If my brother didn’t have autism, I wouldn’t know as much as I do about various medicines, various therapies and feel like an expert in anything autism-related. As Ellen mentioned in her blog post, we’re all ready to open our own practices!

If my brother didn’t have autism, I wouldn’t have realized that something like drinking water from a glass is a milestone achievement. It’s when the kids achieve small things that everyone else takes for granted, that we appreciate it so much more. From being able to use a spoon, to drinking water, from being able to wear his socks on his own to understanding he’s not supposed to spit all over my photo frames (he still does this to annoy me, then looks at me from the corner of his eye and laughs at me as I come over, oh-so-angry) … we celebrate everything he does. No achievement is too small. It’s all AWESOME. He’s recently done something many children figure out before they are 4 or 5, and we are SO ecstatic. So ecstatic that we haven’t told anyone yet because we want to hug it to ourselves, be sure it’s here to stay before screaming it from the rooftops.

If my brother didn’t have autism, I would be so, so, so much more selfish than I already am. We’re all vain and selfish creatures – well most of us are (My Mom isn’t – hey Mom if you’re reading this, can we extend my curfew past midnight in lieu of the lavish praise? No? Okay.). And I’m quite honestly admitting I was, and sometimes am, a very selfish person and look out for myself. My brother’s autism has made me change my perspective about a few things, with me being less shallow than I could have been.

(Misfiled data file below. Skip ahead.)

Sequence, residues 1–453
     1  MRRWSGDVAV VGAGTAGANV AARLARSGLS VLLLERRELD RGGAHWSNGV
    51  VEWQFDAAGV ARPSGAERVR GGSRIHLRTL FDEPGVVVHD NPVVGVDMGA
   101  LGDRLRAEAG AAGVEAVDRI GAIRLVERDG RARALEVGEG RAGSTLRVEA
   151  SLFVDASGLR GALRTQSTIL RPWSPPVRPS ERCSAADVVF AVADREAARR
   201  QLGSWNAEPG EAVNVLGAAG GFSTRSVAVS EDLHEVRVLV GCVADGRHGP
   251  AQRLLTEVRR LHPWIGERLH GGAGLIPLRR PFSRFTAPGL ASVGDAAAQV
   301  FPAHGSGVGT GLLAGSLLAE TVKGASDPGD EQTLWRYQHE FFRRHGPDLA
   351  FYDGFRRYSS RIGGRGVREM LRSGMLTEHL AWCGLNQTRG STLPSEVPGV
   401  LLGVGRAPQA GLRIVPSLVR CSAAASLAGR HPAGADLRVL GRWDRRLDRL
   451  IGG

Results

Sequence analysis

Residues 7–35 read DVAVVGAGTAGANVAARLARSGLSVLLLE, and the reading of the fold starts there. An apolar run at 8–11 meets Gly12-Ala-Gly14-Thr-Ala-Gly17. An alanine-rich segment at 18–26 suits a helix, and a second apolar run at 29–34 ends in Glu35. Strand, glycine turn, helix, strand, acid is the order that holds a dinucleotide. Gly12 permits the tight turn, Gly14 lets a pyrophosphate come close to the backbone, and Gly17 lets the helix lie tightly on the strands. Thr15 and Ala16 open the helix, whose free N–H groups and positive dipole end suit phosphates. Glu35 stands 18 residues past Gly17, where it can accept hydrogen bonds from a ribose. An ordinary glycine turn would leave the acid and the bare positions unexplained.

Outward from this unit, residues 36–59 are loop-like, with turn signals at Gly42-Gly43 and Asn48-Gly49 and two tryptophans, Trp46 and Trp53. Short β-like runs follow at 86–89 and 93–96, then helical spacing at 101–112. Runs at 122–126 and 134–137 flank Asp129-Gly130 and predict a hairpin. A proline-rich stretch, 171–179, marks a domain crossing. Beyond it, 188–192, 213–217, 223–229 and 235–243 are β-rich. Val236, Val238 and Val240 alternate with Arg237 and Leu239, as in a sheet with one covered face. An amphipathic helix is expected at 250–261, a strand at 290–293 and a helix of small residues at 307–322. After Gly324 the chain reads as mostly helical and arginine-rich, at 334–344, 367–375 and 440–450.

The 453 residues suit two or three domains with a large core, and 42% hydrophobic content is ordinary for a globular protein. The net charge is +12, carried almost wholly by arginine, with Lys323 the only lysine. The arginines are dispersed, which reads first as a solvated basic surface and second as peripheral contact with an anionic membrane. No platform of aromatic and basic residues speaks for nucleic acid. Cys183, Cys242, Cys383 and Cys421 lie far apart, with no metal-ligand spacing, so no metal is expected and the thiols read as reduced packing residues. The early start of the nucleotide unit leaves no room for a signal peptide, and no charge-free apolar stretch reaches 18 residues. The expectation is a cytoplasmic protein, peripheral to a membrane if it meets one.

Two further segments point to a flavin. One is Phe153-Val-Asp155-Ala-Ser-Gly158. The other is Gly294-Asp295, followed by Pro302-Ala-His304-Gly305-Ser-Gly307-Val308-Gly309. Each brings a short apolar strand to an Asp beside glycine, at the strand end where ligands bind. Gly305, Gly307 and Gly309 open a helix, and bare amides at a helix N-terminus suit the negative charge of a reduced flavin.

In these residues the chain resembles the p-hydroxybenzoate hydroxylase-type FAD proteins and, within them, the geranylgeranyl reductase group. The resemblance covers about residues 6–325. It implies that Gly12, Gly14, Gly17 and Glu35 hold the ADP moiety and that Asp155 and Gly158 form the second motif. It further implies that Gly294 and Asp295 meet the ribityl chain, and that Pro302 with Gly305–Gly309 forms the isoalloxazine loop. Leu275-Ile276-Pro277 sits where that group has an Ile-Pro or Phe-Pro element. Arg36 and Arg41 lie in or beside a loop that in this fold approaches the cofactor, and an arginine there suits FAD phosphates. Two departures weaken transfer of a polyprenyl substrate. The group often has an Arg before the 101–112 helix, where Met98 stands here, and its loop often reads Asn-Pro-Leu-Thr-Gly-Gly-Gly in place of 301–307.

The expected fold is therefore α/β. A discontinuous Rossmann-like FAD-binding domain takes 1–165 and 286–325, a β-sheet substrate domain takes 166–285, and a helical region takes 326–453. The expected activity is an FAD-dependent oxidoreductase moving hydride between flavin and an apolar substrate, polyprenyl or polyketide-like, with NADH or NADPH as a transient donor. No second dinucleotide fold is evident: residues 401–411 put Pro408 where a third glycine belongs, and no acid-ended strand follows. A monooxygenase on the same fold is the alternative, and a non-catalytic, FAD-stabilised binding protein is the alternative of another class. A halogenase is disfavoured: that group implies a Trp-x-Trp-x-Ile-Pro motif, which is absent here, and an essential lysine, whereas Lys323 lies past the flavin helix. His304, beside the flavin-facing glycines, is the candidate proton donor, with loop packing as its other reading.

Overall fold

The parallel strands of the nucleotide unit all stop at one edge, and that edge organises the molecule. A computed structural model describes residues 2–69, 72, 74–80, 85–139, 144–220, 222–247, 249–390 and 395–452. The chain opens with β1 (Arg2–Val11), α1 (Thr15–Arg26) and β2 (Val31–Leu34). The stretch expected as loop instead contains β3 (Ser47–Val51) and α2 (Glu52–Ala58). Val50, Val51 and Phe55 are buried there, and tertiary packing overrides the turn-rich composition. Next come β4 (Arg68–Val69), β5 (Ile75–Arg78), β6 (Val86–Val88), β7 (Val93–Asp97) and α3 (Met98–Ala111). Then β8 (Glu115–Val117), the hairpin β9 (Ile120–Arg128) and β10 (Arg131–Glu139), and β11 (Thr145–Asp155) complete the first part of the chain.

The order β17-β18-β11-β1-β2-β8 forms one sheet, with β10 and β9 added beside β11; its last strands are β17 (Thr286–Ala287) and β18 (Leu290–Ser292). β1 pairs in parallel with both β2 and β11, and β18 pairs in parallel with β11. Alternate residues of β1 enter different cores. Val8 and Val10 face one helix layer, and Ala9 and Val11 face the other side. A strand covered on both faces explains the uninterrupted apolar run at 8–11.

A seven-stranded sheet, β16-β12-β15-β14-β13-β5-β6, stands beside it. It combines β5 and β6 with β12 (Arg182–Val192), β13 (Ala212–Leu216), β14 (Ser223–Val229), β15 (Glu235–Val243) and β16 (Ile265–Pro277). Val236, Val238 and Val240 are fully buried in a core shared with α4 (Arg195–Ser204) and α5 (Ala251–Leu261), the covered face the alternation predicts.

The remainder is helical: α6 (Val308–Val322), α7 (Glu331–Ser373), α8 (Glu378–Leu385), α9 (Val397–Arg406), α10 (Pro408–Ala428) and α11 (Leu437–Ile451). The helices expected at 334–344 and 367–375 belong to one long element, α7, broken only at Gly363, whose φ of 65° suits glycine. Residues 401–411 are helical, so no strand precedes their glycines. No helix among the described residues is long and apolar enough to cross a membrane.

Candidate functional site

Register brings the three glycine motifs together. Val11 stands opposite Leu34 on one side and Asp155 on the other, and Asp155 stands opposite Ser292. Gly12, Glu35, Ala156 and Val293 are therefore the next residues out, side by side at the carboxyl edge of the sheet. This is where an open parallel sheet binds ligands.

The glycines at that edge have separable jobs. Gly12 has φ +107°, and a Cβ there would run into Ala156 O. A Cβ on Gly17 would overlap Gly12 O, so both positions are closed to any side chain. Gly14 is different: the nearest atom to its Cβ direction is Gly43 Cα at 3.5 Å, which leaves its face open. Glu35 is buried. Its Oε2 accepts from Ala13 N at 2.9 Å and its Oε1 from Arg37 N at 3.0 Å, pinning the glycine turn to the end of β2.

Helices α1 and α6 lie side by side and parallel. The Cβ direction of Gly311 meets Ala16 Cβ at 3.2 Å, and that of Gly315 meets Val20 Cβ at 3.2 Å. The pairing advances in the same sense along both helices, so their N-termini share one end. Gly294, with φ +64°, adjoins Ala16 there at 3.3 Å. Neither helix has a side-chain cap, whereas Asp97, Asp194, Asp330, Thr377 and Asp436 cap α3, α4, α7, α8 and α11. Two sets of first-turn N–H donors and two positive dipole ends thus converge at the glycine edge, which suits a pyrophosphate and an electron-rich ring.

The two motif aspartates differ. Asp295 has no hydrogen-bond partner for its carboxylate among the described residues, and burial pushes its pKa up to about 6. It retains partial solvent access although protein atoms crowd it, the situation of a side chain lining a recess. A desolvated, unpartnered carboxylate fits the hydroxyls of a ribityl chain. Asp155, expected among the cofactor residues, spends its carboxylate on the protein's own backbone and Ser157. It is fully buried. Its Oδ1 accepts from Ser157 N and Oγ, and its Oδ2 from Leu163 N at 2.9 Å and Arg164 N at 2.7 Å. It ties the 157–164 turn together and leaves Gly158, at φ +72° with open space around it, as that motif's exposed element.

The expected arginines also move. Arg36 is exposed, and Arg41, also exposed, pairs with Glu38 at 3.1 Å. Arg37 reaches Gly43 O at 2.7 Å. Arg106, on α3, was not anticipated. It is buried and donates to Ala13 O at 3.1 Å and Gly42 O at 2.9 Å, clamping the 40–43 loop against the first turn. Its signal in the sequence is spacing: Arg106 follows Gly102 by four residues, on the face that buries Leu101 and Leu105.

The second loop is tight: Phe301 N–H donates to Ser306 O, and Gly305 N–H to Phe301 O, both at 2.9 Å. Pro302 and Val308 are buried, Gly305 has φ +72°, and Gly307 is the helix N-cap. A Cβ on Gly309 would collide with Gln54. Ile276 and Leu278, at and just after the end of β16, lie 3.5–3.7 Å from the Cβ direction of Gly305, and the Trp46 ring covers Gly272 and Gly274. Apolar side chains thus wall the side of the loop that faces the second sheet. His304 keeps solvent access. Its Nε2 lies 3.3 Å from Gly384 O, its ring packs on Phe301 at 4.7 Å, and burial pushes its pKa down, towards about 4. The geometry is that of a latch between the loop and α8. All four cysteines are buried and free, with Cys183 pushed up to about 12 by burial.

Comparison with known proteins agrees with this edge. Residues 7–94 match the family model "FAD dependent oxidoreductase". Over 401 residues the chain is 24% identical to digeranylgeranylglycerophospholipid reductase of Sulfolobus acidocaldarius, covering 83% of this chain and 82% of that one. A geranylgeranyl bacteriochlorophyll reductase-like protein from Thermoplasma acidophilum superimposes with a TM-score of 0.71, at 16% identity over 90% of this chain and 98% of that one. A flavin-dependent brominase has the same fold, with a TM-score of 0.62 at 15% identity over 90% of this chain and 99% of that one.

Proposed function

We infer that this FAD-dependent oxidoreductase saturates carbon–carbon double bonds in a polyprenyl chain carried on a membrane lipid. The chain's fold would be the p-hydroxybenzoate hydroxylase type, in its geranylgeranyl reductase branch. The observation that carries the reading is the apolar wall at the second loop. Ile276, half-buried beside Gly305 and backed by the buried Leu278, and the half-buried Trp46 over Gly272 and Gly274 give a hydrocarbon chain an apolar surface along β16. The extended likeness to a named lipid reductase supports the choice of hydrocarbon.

If my brother didn’t have autism, I’d be more helpless than I am now. Unsure how to get things done.

If my brother didn’t have autism, I wouldn’t have realized what a wonderful world is out there, filled with families devoted to their children. I would never have realized how important it is to have passion in a family. I wouldn’t have felt this sense of community I do feel when I meet families with special needs.

If my brother didn’t have autism, I wouldn’t have had the courage to shout at truck drivers. True story.

If my brother didn’t have autism, I don’t think I would have loved him as much as I do now. We would’ve been the typical family, where I would bat him off for entering my room (now I always want him with me), where I would not have so many pics of him and me around, where I’d tell on him to my Mom for something he did. Oh wait, I still do the last thing 😉

If my brother didn’t have autism, I wouldn’t know what unconditional love means.

If my brother didn’t have autism, I wouldn’t have the a sense of empathy for other families who deal with special needs. Before we knew what autism was, I always had sympathy. Now I have none. I only have empathy. Because one thing I’ve realized families with special needs HATE… it’s sympathy and pity. Save it for yourselves. We just want to be understood.

If my brother didn’t have autism, I wouldn’t know who my real friends and supporters are. He helps weed out the trash from the gems. He helps keep the backward, mentally stunted (attitude-wise) and disgusting people away. I have real treasures with me because of him.

If my brother didn’t have autism, he wouldn’t be who he is – an amazing person who is smart and has a pretty decent sense of humour.

If my brother didn’t have autism, my life would never be same. He made me who I am, and for that I will always be grateful.